In recent years, social media has become a huge part of our everyday lives. Many people find themselves checking their social media at every break in their day. Social media certainly has had its benefits- granting many people the ability to connect with loved ones around the world, giving a voice to those who would otherwise not have one, and allowing people a chance to see things from a variety of different perspectives. Social media doesn’t come without its faults, though. With every benefit of social media comes issues that can adversely affect one’s mental and physical health, social relationships, and overall quality of life. So, are the risks worth the reward?
Social media platforms are designed to keep their users coming back for more. When one logs into their social accounts, their brain releases dopamine, otherwise known as the “feel-good” hormone. Dopamine is typically released after pleasurable activities, such as eating a delicious meal. Our brains love dopamine. Because of this, they will keep craving the dopamine release often associated with logging into social media. Every like, comment and direct message fuels our brain’s desire to continue using social media.
The downside to this is that the more often dopamine is released, the more addicted to social media we will become. The more we use social media, the more dopamine we need to feel good. This becomes a cycle that can begin to adversely affect your overall mental health, causing issues like depression and anxiety. As we fall deeper into our social media addiction, our real life will begin to appear as though it is not enough.
When we are constantly scrolling through other people’s highlight reels, it can be easy to fall into the trap that is comparison. With social media accounts dedicated to expensive homes, luxury vacations, and the “perfect” body, it can be easy to begin to feel as though your life and all that you have in it are not enough.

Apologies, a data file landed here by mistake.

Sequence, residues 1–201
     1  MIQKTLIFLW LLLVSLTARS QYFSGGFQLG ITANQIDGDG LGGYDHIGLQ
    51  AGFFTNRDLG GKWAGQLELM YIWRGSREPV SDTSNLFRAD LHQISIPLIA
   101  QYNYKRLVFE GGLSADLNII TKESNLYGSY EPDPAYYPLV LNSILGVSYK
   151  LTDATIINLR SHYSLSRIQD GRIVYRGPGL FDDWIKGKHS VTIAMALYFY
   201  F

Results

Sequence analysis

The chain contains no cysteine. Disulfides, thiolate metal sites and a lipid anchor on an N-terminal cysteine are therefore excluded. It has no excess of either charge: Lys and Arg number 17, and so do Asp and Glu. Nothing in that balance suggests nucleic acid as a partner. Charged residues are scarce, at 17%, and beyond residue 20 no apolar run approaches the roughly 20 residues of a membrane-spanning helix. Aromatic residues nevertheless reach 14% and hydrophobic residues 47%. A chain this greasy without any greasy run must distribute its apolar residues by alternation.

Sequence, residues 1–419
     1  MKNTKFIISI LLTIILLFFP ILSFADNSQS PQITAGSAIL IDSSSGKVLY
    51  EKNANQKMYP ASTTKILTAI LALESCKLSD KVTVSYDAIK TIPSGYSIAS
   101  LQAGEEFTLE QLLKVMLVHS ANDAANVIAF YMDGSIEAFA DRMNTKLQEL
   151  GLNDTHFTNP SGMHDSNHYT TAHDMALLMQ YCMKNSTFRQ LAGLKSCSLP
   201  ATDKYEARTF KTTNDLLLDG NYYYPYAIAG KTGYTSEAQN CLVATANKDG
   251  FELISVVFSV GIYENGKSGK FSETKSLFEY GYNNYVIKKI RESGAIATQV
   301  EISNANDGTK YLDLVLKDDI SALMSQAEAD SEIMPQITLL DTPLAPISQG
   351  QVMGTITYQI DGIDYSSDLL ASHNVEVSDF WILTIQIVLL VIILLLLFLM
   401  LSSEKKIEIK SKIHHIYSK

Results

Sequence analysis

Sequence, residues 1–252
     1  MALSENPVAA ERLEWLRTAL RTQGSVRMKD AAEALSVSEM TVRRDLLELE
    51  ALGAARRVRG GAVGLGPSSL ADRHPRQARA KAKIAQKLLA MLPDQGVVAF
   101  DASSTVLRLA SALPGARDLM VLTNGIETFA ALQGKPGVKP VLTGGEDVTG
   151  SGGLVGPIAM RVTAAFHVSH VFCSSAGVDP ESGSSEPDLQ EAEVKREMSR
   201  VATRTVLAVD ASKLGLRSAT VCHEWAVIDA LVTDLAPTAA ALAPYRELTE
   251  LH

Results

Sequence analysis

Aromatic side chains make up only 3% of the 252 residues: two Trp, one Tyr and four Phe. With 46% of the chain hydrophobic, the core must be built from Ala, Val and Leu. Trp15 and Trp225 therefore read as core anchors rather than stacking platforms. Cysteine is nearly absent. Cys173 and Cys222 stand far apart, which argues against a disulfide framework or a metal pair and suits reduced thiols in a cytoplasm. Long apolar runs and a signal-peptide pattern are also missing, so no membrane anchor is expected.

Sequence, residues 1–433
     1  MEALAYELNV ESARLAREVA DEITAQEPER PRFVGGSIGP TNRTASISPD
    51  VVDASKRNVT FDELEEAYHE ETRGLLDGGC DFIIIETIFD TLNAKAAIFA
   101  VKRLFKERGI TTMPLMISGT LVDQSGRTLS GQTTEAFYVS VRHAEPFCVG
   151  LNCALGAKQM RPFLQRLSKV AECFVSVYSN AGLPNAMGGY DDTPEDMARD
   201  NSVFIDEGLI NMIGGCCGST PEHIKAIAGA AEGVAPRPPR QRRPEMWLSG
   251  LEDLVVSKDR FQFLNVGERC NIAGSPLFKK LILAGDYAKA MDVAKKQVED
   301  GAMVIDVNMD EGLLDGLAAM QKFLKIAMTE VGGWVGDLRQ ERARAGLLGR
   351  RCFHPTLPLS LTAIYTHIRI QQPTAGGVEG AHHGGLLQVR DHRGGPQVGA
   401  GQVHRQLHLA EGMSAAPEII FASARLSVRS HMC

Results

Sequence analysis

Social media can begin to have a huge impact on one’s self esteem, contentment, and overall happiness. As we watch other people post the best pieces of their lives, we may find ourselves wishing we can be them. Social media has a way of leading people to build the habit of constant self-evaluation.
People may find themselves viewing other’s highlight reels and thinking things like, “Am I pretty enough?”, “Am I behind on my achievements?”, or “Why doesn’t my partner love me that way?”. Things that used to be enough for us seem to begin to fade in value as we watch other people’s highlight reels on an everyday basis.
Excessive use of social media, paired with constant comparison, can begin to cause mental health issues like lower self-esteem, increased social anxiety, and feelings of loneliness.
Speaking of loneliness, social media can certainly have its effects on our social health and wellbeing. Social media can be a great band-aid fix when you are missing somebody far away or feeling lonely. However, nothing compares to face-to-face interactions. When social media relationships begin to replace in-person relationships, problems will begin to arise.
Social media can be great for connecting with others, but it holds no match to the deeper, more personal relationships we can form in person. Social connections are crucial to a person’s overall health and wellness. The most glaring evidence of this comes from studies that have shown that people who are more socially connected have a lower mortality rate than those who are not.
What is it about social connections that are so powerful they even affect the mortality rate? Social connections control a person’s behaviors, perspective, and quality of life. When a person is surrounded by people who make them feel happy, healthy, and connected, they begin to behave in a happy, healthy, and connected manner.
Attempting to feel connected with others through social media can take away from these important interactions. More people are bringing social media into every moment of their day. They find themselves grabbing their phone first thing in the morning, scrolling through their social feeds at every meal, and finishing their days off with one last social media check.
This behavior prevents us from interacting with the people around us. It leaves us inside our own world feeling isolated and alone.
Social media doesn’t have to be all or nothing. While it can begin to negatively impact your mental, physical, and social health when used in excess, it can be extremely beneficial to those who use it sparingly. So, how can we create a healthy relationship with social media?
If you feel as though your mental health has been adversely affected by social media and believe you need help, reach out to a mental health professional. They can help you figure out why you are feeling the way you are and teach you ways to get through negative emotions.
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